Why ‘sugar free’ isn’t necessarily better for your teeth

Bristol dentist Cornelius Krause, like most other dentists, spends much of his time at work advising patients to avoid sugary foods and drinks, because of the damage that sugar can do to your teeth. Heeding this advice, many people switch to ‘diet’ or ‘sugar-free’ options, in an effort to improve their dental health.

Unfortunately, however, new research has uncovered that these sugar-free products are often nearly as bad for your teeth as the sugar-laden alternatives, as it is not just sugar that causes tooth enamel to be eroded.

The research

The study was performed by a team of researchers at the University of Melbourne’s Oral Health Cooperative Research Centre.

The team tested 23 different beverages, including fizzy drinks and so-called ‘energy’ drinks, and found that drinks with low pH levels and containing acidic additives can cause damage to tooth enamel, regardless of the sugar content.

Thirty-two different types of sugar-free confectionary (sweets and lollipops) were also tested, with similar results. Interestingly, they found that fruit-flavoured sweets caused more damage than other flavours.

Why does erosion matter?

The thing most people are concerned about when it comes to their dental health is tooth decay, so it’s easy to overlook erosion as a problem. Sadly, however, as the tooth enamel gets eroded away, the tooth becomes more vulnerable to bacterial infection, which in turn can ultimately lead to tooth decay.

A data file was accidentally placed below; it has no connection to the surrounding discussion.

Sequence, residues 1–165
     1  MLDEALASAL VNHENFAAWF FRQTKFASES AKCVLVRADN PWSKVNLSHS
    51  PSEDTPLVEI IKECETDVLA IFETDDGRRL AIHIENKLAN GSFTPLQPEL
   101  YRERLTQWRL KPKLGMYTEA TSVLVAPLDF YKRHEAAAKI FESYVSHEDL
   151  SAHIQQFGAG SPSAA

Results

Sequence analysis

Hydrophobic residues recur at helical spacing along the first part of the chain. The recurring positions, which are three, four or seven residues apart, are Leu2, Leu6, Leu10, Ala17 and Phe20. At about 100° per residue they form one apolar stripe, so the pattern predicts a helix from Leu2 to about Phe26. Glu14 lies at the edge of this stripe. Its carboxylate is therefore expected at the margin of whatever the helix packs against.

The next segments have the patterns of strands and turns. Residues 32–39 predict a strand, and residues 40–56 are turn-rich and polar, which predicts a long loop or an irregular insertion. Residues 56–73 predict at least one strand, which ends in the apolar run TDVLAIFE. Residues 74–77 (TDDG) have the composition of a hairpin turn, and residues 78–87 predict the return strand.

“Many people are not aware that while reducing your sugar intake does reduce your risk of dental decay, the chemical mix of acids in some foods and drinks can cause the equally damaging condition of dental erosion,” professor Eric Reynolds, one of the study authors and the CEO of the Oral Health Cooperative Research Centre, said in a statement.

What can we do to avoid tooth decay?

According to the scientists, citric acid and phosphoric acid are the worst culprits when it comes to dental erosion, and these are commonly used in fizzy drinks or fruit-flavoured sweets to add ‘tanginess’, so avoid products containing these ingredients.

Here at CK Dental practice in Bristol, we advise our patients to avoid all sweets and fizzy drinks as much as possible, whether or not they contain sugar. If you can’t cut them out of your diet all together, try to drink water immediately afterwards, being sure to swill it around your mouth in order to wash the acids off your teeth, and brush your teeth half an hour later – any earlier could cause more damage to the tooth enamel.